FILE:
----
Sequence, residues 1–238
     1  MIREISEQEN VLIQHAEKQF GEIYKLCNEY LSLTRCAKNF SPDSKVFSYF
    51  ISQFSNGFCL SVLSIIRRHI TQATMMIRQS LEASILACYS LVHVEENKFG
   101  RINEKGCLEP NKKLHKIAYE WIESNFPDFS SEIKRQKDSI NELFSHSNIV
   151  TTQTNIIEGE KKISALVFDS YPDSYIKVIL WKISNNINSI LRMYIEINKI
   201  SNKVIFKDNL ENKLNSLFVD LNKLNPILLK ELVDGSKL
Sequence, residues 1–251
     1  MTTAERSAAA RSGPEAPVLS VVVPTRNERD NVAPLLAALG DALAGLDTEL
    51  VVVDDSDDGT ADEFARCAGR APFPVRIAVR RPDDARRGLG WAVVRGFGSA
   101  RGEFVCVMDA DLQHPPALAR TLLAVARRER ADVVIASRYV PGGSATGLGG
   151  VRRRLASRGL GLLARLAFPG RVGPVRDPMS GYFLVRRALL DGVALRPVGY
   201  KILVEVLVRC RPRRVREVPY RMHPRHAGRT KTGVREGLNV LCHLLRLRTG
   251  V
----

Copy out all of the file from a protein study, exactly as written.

Sequence, residues 1–238
     1  MIREISEQEN VLIQHAEKQF GEIYKLCNEY LSLTRCAKNF SPDSKVFSYF
    51  ISQFSNGFCL SVLSIIRRHI TQATMMIRQS LEASILACYS LVHVEENKFG
   101  RINEKGCLEP NKKLHKIAYE WIESNFPDFS SEIKRQKDSI NELFSHSNIV
   151  TTQTNIIEGE KKISALVFDS YPDSYIKVIL WKISNNINSI LRMYIEINKI
   201  SNKVIFKDNL ENKLNSLFVD LNKLNPILLK ELVDGSKL
Sequence, residues 1–251
     1  MTTAERSAAA RSGPEAPVLS VVVPTRNERD NVAPLLAALG DALAGLDTEL
    51  VVVDDSDDGT ADEFARCAGR APFPVRIAVR RPDDARRGLG WAVVRGFGSA
   101  RGEFVCVMDA DLQHPPALAR TLLAVARRER ADVVIASRYV PGGSATGLGG
   151  VRRRLASRGL GLLARLAFPG RVGPVRDPMS GYFLVRRALL DGVALRPVGY
   201  KILVEVLVRC RPRRVREVPY RMHPRHAGRT KTGVREGLNV LCHLLRLRTG
   251  V